Airlines, Stop With the Upselling!


I first learned to upsell at a Jack in the Box on Wilshire Blvd. in Santa Monica. At the end of confirming what a motorist had just ordered on the drive-thru intercom, I was expected to marvel, “Wouldn’t you like an apple turnover with that?” Although, the apple turnover has pretty much disappeared from the fast food world, the upsell, as we know from Supersize Me, has not; are you sure you don’t want the mega-gargantuan soft drink, instead of the one that would barely fill a child’s inflatable wading pool?

As those who have booked air travel tickets on line know too well, there are no more rapacious upsellers than the airlines and online travel agencies. Are you sure you don’t want to book a hotel room while you’re booking your ticket, or a rental car? Well, surely you’d like to make reservations at one of the restaurants we can recommend because they kick back 20 percent of your tab! And sunglasses — are you really going to entrust your vision to your present ones when we can offer you these Hugo Boss beauties at a price you’d have to be blind (get it?) to pass up? By the time you finally get your ticket booked, you feel as though a quintet of large men in black dress shirts, white ties, and fedoras have taken turns bouncing you off the walls of your home or office.

If the techniques now being employed by JetBlue are any indication, though, it’s about to get even worse. On the page on their Website that invites you to buy flight insurance from Allianz, you can click one of two buttons. The opt-in one sits atop a list of the glorious benefits that the traveler can position himself to enjoy for — stand back! — A Fraction of the Ticket Cost. Alternatively, he may choose a button labelled No, I choose not to protect my purchase.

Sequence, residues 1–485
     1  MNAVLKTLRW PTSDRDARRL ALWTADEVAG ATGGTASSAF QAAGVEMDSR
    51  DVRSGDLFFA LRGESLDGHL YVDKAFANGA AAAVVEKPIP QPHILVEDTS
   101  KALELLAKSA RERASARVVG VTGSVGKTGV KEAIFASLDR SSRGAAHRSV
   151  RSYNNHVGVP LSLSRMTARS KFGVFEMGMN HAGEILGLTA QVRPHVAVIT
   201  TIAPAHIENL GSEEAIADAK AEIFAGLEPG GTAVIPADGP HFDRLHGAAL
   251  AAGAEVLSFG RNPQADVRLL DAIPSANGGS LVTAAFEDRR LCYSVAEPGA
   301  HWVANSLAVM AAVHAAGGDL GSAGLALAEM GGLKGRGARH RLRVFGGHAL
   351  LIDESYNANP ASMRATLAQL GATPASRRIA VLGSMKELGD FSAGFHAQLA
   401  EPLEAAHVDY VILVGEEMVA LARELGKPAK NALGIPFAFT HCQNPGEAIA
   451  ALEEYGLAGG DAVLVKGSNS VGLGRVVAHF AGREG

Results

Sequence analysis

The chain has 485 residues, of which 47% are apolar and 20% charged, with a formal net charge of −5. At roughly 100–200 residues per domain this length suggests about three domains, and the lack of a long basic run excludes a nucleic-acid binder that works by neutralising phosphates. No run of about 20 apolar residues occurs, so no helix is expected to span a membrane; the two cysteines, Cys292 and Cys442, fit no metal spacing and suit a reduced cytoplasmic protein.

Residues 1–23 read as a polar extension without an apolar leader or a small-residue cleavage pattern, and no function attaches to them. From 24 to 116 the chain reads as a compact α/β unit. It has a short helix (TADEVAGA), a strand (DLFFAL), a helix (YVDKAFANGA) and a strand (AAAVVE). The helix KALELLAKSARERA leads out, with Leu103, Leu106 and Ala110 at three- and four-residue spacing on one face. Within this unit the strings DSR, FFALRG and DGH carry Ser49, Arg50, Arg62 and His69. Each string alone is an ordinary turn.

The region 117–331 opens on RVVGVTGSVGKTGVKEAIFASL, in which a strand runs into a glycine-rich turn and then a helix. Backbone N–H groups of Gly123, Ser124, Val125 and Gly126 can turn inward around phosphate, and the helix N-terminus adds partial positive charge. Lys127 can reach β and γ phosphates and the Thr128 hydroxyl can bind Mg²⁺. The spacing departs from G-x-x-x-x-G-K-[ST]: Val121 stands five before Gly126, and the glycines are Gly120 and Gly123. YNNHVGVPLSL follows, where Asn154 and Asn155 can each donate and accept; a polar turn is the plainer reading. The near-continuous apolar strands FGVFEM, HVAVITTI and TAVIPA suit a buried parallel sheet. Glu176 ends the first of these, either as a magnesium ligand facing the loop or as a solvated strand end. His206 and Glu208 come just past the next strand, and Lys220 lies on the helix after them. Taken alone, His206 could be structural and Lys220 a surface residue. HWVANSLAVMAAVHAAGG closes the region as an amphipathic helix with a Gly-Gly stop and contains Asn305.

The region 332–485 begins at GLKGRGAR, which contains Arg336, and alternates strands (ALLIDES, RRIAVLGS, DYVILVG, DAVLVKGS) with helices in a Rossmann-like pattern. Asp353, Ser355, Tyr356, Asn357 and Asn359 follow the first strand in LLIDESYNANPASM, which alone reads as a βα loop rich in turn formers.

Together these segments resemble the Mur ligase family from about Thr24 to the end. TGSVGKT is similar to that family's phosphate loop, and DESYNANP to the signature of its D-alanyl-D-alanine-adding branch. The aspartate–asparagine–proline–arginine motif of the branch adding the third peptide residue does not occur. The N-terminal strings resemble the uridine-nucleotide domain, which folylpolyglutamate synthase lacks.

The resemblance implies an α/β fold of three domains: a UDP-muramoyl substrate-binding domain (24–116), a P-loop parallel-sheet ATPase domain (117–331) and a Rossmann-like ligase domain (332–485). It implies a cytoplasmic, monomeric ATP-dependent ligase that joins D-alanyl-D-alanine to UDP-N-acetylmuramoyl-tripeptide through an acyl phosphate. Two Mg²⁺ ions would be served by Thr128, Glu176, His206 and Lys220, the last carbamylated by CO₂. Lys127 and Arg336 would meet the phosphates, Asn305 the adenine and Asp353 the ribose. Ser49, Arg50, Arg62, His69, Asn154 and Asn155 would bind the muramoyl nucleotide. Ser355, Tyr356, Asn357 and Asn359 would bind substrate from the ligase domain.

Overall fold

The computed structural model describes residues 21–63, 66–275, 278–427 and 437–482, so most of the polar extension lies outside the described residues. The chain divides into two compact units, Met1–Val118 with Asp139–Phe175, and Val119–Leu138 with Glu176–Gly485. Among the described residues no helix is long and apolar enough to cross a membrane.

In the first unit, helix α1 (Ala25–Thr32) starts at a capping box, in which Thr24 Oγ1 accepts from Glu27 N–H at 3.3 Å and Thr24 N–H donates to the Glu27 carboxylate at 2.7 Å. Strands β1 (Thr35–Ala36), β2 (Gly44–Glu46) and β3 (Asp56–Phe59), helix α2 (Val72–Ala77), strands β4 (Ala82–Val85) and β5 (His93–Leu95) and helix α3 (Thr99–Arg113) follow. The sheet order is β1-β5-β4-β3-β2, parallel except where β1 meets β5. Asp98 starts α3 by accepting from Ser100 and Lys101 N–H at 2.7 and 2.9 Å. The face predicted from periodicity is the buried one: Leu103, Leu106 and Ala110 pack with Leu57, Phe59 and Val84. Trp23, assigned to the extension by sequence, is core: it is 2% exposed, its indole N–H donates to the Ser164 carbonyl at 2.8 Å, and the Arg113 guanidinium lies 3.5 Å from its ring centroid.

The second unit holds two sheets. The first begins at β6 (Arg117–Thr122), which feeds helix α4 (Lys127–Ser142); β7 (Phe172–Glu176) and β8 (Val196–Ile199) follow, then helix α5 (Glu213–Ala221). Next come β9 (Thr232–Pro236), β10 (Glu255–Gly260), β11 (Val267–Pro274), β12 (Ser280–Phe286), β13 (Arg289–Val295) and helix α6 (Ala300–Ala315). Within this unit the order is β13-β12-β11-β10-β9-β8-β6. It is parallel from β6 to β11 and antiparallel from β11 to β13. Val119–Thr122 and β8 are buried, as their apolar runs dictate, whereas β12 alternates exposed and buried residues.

Mark my words, it won’t be long before the text following the opt-out button is considerably amplified. One envisions something along the lines of:

Woefully shortsighted, penny-wise and pound-foolish, unable to see the forest for the trees as I am. I foolishly choose to reject your generous offer of insurance. I live in a dream world that many sensible children would be ashamed to inhabit, one in which nothing ever goes wrong unexpectedly, one in which sh*t doesn’t happen, and travel plans never have to be abruptly changed. In my ghastly naivete, no one ever begins singing Whitney Houston hits so loudly en route to JFK that the captain decides he’d better land in Kansas City, ensuring that I’ll miss all subsequent connections, If, God forbid, the plane should crash, I’m sure those who depend on me will be able to figure out an alternate way to keep a roof over their heads even in today’s very precarious economy. For less than I commonly spend on lunch, I am indeed willing to put those who depend on me in that sort of jeopardy.

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Comments (Showing 5 of 5)

  • Jimspeed at 4:06am July 18, 2013

    Meh. “Upselling” or “additional offers” are a part of business regardless if you go to an airline or any retail/service based business.

    Sometimes they even offer things that are useful! I.e. amazon always offers accessories with their purchases.

    I’d call this a rant more than a useful post.

  • tigertanaka at 7:39pm July 18, 2013

    Just try Ryanair, the masters of the up & cross sell, both when booking and in the air.

  • ceieoc at 7:18pm July 19, 2013

    I think it is easier just to say “no.”
    Or, if you want to be polite say “no, thank you.”
    When you get bored being polite, mix it up and say “thank you, no.”

  • ulxima at 7:43am July 20, 2013

    Ridiculous article, nothing more to say.

  • JackE at 9:26pm July 21, 2013

    There’s also after-the-fact upselling, such as “It will only cost $200 for our computer to change your flight to a time that is better for us anyway half the time.”

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